City developing incentive package for industrial ingredient company; Proposed building could bring 35 good-paying jobs to area
The Austin City Council learned more Monday evening about the city’s efforts to incentivize NuTek Bioscience to build a proposed 56,000 square-foot building in the Creekside Business Park.
NuTek, an industrial ingredient provider of plant-based drug fermentation protein (peptones) used in the development and manufacturing of pharmaceuticals, approached the city about a year ago with the proposed building.
“It’s exciting we have interest from a project that would be a sizable addition to our Creekside Business Park,” said City Administrator Craig Clark.
The proposed project has the potential to bring 35 jobs to Austin with wages averaging $22 to $32 an hour.
“Those are the kind of jobs we’re looking for to be filled within the community and add that wage dynamic to the community,” Clark said. “The auxiliary benefits of the wages they’ll be paying is they will attract employees. It’s a good thing to try to lift wages in the community because it has spin-off benefits for buying a house, buying services, retail and all of those other components.”
The building is estimated to cost between $8 million and $10 million with buildouts costing an additional $15 million. The structure of NuTek’s financing plan depends on securing investors for the project to fund their share of the proposed construction cost (20 percent) as well as equipment and other buildout components.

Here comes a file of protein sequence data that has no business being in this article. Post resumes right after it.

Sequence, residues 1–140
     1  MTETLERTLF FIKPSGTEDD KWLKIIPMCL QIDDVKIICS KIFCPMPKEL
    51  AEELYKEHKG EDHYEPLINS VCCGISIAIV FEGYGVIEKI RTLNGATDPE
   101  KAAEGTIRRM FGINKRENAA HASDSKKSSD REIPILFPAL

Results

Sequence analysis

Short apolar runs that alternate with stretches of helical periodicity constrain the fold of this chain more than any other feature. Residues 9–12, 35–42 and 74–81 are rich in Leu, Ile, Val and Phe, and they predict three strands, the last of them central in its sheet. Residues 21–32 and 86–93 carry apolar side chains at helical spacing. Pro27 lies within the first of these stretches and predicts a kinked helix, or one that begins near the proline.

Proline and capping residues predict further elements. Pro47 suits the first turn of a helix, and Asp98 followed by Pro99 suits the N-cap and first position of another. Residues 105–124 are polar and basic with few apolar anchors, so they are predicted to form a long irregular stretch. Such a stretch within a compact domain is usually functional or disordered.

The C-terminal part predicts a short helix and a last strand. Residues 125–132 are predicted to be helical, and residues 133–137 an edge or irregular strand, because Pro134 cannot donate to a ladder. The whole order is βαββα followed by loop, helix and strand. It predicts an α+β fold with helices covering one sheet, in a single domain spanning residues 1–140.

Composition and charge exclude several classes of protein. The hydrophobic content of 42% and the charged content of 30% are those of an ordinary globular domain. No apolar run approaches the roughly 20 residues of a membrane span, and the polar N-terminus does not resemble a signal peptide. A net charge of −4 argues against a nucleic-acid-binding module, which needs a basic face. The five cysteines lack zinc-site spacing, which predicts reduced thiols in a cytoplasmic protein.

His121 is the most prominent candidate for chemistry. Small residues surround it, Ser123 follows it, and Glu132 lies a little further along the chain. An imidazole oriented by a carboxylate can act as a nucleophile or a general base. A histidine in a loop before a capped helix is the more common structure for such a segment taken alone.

On the city’s end, the structure of the incentive package would have the Port Authority coordinating much of the project, but also depends on the council’s support of the Port Authority’s approval of the Tax Increment Financing (TIF) as well as issuing the bonds for the construction of the facility representing 80 percent of the construction cost. The TIF would be valued at an estimated $928,800 over nine years while the bonds issued would be anywhere from $6.4 million to $8 million.
“We’re working in earnest to bring the structure of the deal forward, but they still have to work with other folks to get the investors in place to take it to the next step,” Clark said. “We want to get ready and get the council’s commitment on a generalized structure and then work back with (NuTek) as they work to get their investors in place and be able to carry it forward with other approvals by the council. (NuTek is) looking at other locations, so we’re trying to be competitive to attract them here. We’re focused on doing more of a design-build incentive where we would bond through that working through the Port Authority as the landowner and building owner. We would lease it back to NuTek and bring those jobs and that development here.”
Clark stated that part of NuTek’s business model is to “ramp up companies and sell them off.” Should that happen, the standards would have to be ironed out in the structure of the development agreement.
“They’ve been transparent about that’s what they’re looking at here,” Clark said. “That doesn’t mean the business or jobs would leave the community; it would just be a new owner. We want to be able to provide for that, but they also can’t just sell it to anybody. They would have to meet the same standards as NuTek would be. Those kind of specifics would have to be worked out in the development agreement.”
“We’re excited to move forward with them on the project and hopefully bring it to a reality,” he added. “We’re not necessarily at the finish line, but we’re optimistic we’ll be able to get there. They were really clear about wanting to know that the community wants to warmly receive them. That was clearly the direction from council; they have nothing but green lights to proceed forward.”